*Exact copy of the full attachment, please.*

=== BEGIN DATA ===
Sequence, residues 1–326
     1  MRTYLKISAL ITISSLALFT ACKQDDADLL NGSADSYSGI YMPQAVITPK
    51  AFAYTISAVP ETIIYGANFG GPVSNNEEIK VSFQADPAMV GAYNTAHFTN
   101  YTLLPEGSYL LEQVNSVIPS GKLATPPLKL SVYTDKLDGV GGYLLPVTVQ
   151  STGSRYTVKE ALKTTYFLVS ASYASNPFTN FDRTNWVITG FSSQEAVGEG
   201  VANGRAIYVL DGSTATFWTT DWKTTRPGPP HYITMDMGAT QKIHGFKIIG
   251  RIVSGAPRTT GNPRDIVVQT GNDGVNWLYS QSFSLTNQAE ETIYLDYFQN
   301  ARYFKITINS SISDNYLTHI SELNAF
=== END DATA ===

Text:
Sequence, residues 1–326
     1  MRTYLKISAL ITISSLALFT ACKQDDADLL NGSADSYSGI YMPQAVITPK
    51  AFAYTISAVP ETIIYGANFG GPVSNNEEIK VSFQADPAMV GAYNTAHFTN
   101  YTLLPEGSYL LEQVNSVIPS GKLATPPLKL SVYTDKLDGV GGYLLPVTVQ
   151  STGSRYTVKE ALKTTYFLVS ASYASNPFTN FDRTNWVITG FSSQEAVGEG
   201  VANGRAIYVL DGSTATFWTT DWKTTRPGPP HYITMDMGAT QKIHGFKIIG
   251  RIVSGAPRTT GNPRDIVVQT GNDGVNWLYS QSFSLTNQAE ETIYLDYFQN
   301  ARYFKITINS SISDNYLTHI SELNAF